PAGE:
Sunday, May 19, 2019

The Red Peony Gambler (1968)

Director: Kosaku Yamashita
Notable Cast: Junko Fuji (Sumiko Fuji), Ken Takakura, Tomisaburo Wakayama, Kyosuke Machida,
Also known as: Lady Yakuza: The Red Peony Gambler

After finishing up the Raizo Ichikawa era of the Sleepy Eyes of Death franchise, it was time for us to look for a new series of action films to cover. Looking through emails and messages, one series stood out as both highly requested and intriguing, The Red Peony Gambler series. It wasn’t my intent to leap from one massive franchise to the next (this one features 8 films) but the idea of a ninkyo eiga or chivalrous yakuza film, based on a woman gambler from the classic era perked my interest. There were a lot of ways for the franchise to take this concept. With this first entry, simply titled The Red Peony Gambler, the series kicks off in a strong way, utilizing its layered characters and gender-focused thematic weight in some surprising ways. It delivers a thoughtful ninkyo eiga where heroism is never quite what it seems and a string of seemingly untethered events tie together. It’s a sharply written and well-executed film that easily ignites the franchise. Just judging by the first entry, no wonder this series was highly requested for coverage.

Telling the story of a young woman, an heir to a yakuza clan who sets off to wander the period set roads of Japan searching for her father’s murderer, The Red Peony Gambler hits all of the standard tropes of an action film of this era. It features a young and attractive star, a wandering anti-hero driven by key moral values, who attempts to correct the corrupted yakuza around her through her smarts and, eventually, her easy to access dagger. She meanders into other wandering characters and eventually stumbles into some budding yakuza turf wars which she helps settle. If you’ve seen a few other films of this ilk, you’ll fit comfortably into the world of our heroine, Oryu. Truthfully, the big stand out in concept is that the hero is female and the film does not let that idly slip by, but that is something to discuss in further detail later.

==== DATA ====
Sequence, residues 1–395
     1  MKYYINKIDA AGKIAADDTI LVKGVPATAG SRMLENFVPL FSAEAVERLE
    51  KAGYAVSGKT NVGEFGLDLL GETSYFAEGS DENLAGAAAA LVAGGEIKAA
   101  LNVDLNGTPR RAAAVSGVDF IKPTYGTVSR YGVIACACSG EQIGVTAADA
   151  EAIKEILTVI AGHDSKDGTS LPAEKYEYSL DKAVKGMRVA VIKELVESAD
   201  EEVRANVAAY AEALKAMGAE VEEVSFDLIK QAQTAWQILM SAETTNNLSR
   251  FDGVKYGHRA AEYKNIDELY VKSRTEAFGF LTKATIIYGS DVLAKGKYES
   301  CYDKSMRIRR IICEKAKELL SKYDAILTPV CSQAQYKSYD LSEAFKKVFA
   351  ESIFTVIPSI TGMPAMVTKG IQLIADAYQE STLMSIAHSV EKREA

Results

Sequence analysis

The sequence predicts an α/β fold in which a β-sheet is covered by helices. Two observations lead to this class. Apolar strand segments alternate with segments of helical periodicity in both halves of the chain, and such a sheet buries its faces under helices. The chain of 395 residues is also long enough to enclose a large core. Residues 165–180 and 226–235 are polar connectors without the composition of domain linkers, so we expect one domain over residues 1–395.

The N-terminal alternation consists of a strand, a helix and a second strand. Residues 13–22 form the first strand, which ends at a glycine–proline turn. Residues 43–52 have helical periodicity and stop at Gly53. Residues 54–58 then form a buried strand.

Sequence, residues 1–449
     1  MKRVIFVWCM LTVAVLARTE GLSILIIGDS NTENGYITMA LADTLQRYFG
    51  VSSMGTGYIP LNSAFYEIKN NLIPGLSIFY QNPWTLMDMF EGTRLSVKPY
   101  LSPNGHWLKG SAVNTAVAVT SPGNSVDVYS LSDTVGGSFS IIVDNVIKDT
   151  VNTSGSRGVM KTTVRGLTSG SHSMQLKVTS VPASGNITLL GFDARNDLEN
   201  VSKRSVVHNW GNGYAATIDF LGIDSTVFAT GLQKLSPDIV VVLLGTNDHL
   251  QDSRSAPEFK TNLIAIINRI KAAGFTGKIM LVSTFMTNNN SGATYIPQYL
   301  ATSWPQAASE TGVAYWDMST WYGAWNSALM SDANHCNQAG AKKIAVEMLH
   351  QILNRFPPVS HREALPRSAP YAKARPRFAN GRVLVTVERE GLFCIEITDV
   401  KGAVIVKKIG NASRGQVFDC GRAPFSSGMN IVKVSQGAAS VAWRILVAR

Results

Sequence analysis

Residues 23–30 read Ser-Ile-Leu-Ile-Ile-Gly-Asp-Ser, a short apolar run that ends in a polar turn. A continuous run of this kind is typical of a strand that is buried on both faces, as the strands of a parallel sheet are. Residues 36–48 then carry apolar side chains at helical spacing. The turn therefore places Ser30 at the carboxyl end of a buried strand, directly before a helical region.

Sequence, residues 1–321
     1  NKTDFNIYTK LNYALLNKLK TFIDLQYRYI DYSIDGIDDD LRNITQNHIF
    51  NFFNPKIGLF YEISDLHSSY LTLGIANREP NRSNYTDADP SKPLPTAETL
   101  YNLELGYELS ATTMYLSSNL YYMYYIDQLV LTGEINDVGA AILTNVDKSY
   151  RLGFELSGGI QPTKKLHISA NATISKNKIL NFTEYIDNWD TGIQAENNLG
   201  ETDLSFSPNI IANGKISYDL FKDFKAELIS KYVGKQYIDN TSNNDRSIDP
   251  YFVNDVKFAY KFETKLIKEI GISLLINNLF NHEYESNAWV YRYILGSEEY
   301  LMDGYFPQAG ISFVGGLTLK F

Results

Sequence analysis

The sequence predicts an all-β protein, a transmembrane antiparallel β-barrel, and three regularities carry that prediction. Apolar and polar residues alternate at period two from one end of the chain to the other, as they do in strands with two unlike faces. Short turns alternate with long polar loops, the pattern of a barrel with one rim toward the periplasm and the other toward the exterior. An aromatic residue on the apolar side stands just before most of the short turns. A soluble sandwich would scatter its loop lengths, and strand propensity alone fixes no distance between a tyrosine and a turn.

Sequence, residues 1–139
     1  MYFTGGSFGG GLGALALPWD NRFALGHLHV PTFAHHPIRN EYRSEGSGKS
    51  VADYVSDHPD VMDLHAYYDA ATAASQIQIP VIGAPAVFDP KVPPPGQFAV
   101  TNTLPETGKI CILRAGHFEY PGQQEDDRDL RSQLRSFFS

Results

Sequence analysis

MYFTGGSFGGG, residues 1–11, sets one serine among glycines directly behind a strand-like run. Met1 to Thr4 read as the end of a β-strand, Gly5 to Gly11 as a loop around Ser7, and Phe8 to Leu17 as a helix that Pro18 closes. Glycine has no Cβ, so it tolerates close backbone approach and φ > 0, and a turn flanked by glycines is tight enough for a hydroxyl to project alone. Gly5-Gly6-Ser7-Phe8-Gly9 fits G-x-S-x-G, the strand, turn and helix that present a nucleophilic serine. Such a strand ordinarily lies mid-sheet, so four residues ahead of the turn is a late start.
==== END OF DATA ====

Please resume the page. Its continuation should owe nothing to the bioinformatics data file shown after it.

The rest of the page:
The period setting is gorgeous to look at, maximized by an impeccable use of “old meets new” concepts where the film’s main villain sports a western style suit or a heroine who isn’t afraid to pull a gun on her attackers who all shrink in fear through the beautiful sets. This sets the stage for the tightly woven script that sees almost all of the characters receive strong arcs and worthy moments. Even the cold open, where Oryu calls out a cheating dealer to earn the gratitude of a young man out on his luck, is something that is utilized again later in the film as both the man she helps and the man who is ousted for cheating come back to be valuable players in the third act. The film employs its intriguing characters to maximum benefit. Even a semi-comedic tangential sub-plot featuring the iconic Tomisaburo Wakayama (Itto from Lone Wolf and Cub) isn’t stand alone as that character would eventually get his own spin-off series known as Silk Hat Boss. Every interaction is relevant to the plot or the growth of Oryu as a character and she shares chemistry with everyone on screen, particularly another wandering anti-hero who might hold the key to the identity of the man who killed her father. Even with a strong lead in Junko Fuji (real name: Sumiko Fuji,) the film has so many great secondary characters and plots that it’s hard not to be swayed by one of them. I was sold on Oryu’s right-hand man, Fujimastsu the Immortal and his plot, but all of them work. In terms of script, everything has its place in this tightly woven narrative and it’s impressive to watch unfold.